Think back to your last job interview… in all likelihood you were asked to describe a difficult situation you faced and how you tackled it, or to explain your greatest weaknesses, or a major failure you encountered in your career. You squirm in your chair and try to think of a positive way to spin the fact that you were laid-off from your last job, or that the last device you designed never made it to market.
As a society, we are petrified of failure. We don’t want to talk about it, we don’t want to think about it, and we want to make sure we do EVERYTHING possible to avoid its occurrence.
I have volunteered with Engineers Without Borders (EWB) for the past six years and feel there is a lot to learn from an emerging trend in international development: admitting failure. EWB feels that “openly acknowledging failure is often a catalyst for innovation”; that the act of admitting failure will help us learn from our mistakes and improve our practices. Dr. Brian Goldman’s TEDtalk “Doctors Make Mistakes” discusses this same link between admitting failure and progress in the context of medicine, and I believe that this link applies to medical device development as well. Though the stakes are high in our field, and there is a huge stigma around failure, it IS out there. So why not embrace it and learn from it?
The term “fail-fast” has been coined in the start-up world to explain a strategy of short-cutting our route to getting things RIGHT. Instead of muddling along with a device that might not fit the needs of the user, “fail-fast” encourages getting a basic prototype into the user’s hands earlier to involve them in the design process. It is likely BECAUSE of a fear of failure that we are hesitant to distribute an initial prototype to a potential user, but the longer we wait, the harder it becomes to accept and deal with failure. “Failing-fast” can ensure that problems are caught early at a stage where they are much cheaper and easier to fix; A design change in an early prototyping stage is much more appealing than resolving a recall – a process that is extremely expensive and often destructive to a company.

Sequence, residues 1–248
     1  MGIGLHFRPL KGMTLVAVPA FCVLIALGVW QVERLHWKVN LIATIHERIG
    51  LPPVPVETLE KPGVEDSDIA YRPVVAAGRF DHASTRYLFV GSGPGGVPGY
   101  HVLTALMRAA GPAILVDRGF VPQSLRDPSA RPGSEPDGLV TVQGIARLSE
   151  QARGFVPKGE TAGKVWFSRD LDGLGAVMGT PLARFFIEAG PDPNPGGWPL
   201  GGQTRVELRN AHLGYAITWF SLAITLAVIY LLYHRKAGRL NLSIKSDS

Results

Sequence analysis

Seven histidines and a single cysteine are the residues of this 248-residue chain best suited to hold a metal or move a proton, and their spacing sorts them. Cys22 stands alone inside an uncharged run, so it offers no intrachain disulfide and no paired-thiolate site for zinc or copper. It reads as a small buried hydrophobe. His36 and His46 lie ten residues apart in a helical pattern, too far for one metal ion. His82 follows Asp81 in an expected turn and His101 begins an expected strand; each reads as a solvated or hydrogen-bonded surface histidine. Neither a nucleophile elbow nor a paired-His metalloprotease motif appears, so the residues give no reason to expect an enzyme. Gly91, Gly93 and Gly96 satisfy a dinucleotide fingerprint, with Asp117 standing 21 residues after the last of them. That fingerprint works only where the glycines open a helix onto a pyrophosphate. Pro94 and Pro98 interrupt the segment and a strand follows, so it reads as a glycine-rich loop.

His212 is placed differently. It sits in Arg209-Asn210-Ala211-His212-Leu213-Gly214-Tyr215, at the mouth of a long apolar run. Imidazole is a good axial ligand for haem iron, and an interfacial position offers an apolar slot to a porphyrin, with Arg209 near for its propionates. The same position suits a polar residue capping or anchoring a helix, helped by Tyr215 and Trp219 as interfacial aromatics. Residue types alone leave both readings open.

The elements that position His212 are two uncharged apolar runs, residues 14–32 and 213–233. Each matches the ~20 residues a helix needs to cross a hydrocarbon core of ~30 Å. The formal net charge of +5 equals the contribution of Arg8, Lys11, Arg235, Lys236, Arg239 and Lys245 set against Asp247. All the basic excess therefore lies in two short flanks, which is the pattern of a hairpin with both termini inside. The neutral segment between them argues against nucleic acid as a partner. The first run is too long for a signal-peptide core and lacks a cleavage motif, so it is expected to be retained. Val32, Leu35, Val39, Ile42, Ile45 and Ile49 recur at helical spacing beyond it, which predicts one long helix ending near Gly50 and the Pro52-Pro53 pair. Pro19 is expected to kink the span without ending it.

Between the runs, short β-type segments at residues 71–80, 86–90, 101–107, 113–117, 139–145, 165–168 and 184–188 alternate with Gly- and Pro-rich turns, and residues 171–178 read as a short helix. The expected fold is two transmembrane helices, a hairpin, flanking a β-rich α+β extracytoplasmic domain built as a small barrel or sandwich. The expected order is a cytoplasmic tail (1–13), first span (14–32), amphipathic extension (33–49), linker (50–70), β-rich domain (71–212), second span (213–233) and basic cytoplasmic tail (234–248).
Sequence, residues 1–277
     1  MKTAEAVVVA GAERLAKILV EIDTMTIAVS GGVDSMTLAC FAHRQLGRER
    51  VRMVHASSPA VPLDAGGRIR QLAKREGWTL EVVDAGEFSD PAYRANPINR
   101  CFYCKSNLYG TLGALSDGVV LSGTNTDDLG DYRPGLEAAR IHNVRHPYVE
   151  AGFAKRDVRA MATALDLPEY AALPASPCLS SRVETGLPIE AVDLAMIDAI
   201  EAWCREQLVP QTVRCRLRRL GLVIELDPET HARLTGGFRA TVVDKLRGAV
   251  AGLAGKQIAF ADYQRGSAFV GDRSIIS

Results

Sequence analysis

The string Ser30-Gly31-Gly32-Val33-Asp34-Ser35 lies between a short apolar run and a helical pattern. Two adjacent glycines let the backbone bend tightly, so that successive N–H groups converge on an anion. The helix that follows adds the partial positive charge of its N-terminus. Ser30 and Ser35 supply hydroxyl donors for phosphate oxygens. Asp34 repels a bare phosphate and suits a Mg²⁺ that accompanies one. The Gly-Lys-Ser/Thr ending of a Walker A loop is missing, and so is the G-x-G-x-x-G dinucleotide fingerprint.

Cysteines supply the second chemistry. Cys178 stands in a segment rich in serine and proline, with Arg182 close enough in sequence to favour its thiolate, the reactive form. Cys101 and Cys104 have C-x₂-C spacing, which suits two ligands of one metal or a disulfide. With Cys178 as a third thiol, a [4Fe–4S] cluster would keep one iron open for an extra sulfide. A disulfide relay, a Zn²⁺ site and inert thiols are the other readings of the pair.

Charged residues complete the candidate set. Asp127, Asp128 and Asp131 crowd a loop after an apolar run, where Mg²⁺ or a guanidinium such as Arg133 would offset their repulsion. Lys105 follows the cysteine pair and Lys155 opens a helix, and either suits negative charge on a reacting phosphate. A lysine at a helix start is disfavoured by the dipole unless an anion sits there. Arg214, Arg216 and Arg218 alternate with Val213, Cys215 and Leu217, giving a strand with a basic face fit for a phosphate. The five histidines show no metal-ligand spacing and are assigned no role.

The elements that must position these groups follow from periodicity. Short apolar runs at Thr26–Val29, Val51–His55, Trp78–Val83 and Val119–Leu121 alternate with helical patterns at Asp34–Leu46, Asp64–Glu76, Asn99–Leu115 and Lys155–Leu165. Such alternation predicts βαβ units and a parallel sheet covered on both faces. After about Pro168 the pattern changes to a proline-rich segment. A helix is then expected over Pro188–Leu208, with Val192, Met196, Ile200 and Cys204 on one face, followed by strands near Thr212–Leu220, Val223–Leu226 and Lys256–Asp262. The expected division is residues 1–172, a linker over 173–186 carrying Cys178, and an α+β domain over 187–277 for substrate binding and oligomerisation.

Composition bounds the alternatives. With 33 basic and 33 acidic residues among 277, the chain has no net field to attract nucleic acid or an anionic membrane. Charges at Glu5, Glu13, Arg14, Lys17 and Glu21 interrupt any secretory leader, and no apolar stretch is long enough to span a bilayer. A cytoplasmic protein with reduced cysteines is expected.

In order to practice admitting and learning from failure I have taken up the exercise each month of writing out any challenges, barriers and failures I have faced. I share this information with my manager, and the more I start admitting any failures or challenges, the more I feel I can learn from them. I have found embracing failure a liberating process. I am becoming less afraid to experiment and innovate, and motivated by my mistakes to improve upon my abilities and work.
Being able to admit failure has a lot to do with leaving one’s ego behind, and being adaptable to change. There is a fine balance between confidence and criticality in one’s work, but with humility and flexibility at one’s side, embracing failure can be an incredibly positive learning experience.
If you are interested in learning more about embracing failure, I recommend Kathryn Schulz’s TEDtalk “On Being Wrong“. A self-proclaimed “wrongologist“, Schulz helps open the world up to embracing failure and the benefits of this practice.